But hear me out, oddly confrontational figments of my imagination used to construct this blog, because I have here some reasons that I (and you) can enjoy both, besides us being adults and being in charge of our own interests. Perhaps sports and theatre have something in common. David Mamet himself used the arc of a satisfying game to illustrate the nature of a well-crafted narrative, in his book Three Uses of the Knife, so there must be something there. Let’s see if I can convince you that theatre, especially We Happy Few-style theatre, is more like basketball than you might expect.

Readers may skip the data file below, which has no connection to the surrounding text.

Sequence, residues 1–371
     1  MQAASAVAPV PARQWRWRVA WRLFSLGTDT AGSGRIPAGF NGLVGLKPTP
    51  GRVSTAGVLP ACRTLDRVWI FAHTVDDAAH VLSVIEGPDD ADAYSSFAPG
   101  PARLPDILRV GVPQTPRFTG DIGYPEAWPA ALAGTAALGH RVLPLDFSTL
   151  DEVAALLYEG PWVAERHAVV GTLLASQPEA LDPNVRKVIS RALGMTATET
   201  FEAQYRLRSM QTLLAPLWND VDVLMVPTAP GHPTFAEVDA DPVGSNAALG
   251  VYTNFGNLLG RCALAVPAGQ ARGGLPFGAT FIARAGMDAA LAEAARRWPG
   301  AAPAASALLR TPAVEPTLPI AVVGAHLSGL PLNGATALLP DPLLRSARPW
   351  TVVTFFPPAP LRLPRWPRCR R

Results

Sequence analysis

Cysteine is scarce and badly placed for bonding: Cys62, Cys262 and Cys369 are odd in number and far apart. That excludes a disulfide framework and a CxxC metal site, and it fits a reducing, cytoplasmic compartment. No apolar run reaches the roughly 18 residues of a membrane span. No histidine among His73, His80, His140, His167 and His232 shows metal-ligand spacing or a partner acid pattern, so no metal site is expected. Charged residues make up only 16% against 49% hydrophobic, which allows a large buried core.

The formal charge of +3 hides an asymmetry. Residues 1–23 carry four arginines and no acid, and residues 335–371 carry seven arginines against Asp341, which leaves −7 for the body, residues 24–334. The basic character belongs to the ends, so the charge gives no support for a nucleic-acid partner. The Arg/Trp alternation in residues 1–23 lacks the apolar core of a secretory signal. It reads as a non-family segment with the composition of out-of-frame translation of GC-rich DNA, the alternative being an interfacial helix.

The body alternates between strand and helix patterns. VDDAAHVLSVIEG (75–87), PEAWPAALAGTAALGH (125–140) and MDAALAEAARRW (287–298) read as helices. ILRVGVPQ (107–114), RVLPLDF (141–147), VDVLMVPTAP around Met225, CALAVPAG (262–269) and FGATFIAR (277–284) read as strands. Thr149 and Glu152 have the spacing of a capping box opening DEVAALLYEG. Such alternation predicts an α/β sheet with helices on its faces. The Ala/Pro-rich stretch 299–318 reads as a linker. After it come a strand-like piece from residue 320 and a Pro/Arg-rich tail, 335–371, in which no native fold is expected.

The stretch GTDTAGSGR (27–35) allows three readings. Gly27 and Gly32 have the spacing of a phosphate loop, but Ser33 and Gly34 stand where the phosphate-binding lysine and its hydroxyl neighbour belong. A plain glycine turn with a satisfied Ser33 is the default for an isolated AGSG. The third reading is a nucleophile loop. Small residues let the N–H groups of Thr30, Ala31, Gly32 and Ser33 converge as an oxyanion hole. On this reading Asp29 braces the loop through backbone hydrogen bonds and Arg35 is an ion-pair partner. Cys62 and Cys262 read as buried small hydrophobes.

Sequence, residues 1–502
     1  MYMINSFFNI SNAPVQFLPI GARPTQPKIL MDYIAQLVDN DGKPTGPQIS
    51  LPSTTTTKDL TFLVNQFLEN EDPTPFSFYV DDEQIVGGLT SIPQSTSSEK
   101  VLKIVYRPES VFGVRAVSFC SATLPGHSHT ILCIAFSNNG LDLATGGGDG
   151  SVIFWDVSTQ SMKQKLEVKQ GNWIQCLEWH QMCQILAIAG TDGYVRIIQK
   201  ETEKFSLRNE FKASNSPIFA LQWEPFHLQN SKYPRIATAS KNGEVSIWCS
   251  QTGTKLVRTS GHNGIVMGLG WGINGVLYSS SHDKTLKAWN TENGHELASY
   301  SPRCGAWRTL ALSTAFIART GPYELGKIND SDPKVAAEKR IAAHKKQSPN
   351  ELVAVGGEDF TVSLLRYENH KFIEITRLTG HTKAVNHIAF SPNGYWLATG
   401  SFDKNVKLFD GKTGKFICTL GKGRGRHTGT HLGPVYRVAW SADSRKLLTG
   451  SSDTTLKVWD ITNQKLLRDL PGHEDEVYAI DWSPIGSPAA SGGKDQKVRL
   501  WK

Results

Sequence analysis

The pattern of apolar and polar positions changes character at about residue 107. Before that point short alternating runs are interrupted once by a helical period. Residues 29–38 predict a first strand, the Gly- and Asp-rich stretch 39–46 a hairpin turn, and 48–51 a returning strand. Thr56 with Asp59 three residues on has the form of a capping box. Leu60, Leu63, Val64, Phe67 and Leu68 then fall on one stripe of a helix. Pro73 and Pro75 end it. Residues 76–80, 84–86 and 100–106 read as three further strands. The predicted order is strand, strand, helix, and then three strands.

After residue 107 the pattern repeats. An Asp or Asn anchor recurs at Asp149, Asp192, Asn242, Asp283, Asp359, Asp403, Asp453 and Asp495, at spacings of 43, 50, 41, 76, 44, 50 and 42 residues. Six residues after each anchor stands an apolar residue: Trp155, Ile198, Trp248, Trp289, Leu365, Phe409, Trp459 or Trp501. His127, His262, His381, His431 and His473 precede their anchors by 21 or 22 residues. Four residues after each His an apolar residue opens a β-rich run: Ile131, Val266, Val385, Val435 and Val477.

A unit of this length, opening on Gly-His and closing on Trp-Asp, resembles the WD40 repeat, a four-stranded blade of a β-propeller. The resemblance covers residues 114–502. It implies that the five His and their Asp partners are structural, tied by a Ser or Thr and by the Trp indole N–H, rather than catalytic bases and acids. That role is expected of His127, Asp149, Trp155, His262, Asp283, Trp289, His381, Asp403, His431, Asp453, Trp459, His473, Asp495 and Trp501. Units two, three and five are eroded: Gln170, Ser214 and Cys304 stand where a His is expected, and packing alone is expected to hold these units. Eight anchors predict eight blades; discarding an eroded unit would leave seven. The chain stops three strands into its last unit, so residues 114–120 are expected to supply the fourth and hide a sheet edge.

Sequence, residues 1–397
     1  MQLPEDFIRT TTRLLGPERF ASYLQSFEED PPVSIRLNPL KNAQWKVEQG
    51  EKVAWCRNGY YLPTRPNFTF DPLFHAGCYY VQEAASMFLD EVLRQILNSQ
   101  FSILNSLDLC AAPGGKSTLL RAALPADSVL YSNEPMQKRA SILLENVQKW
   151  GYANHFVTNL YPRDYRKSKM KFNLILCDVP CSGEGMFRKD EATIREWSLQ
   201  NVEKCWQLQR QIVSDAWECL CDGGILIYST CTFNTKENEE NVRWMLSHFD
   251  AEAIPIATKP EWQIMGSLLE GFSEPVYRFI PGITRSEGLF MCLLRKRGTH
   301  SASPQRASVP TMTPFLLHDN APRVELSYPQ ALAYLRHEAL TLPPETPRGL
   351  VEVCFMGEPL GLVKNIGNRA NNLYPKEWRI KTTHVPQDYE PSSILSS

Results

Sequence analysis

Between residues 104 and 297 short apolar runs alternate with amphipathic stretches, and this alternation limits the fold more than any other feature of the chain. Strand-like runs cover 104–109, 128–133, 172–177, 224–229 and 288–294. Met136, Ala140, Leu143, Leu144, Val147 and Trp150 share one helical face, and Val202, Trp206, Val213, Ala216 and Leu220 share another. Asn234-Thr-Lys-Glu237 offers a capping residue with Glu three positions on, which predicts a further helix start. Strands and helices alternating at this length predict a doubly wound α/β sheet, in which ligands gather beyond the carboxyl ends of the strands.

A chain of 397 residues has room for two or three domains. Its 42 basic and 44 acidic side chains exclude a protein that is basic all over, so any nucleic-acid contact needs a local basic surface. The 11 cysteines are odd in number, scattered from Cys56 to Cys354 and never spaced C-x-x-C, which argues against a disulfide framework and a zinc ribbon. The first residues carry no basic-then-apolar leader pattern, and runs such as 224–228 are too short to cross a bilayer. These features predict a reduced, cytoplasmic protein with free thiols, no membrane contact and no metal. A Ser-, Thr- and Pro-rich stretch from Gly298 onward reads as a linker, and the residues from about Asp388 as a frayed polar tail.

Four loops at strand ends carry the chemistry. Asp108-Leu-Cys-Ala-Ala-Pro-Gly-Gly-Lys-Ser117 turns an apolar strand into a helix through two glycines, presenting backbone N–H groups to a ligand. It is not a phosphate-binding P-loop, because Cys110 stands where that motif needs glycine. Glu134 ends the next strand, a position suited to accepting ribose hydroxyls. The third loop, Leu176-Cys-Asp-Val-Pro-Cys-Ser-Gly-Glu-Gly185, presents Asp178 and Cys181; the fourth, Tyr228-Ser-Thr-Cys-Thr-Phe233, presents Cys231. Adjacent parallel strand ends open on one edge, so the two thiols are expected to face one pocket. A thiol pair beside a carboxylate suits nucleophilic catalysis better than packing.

First of all, they are both spectator activities, performances meant to be watched, appreciated, and analyzed by an audience. We do them to entertain and inspire our fans, and fans come to be entertained and inspired. They are also both physical activities, harnessing the human body and spirit and putting it on display. They both take a lot, lot, lot of practice, drilling scenes and lines and plays and basic fundamental actions until they no longer take thought but are automatic muscle memory reactions. And you need to get to that level of automatic repetition, because once you run into an adversary or ESPECIALLY an audience, all your careful plans will go flying out the window. Your opponent is going to do their level best (and they have been practicing at least as hard as you) to prevent you from doing whatever you’re trying to do, but a crowd will throw you off your game just by not liking you. You will feel the weight of their displeasure bearing down on you, whether you’re trying to hit a key free throw or land “Tomorrow, and tomorrow, and tomorrow”. Even if they don’t hate you, just the pressure of thousands of eyes on you, watching and judging and analyzing your every move, can easily rattle even a veteran. A crowd has real energy and can absolutely sway a performance. Just ask Chris Webber: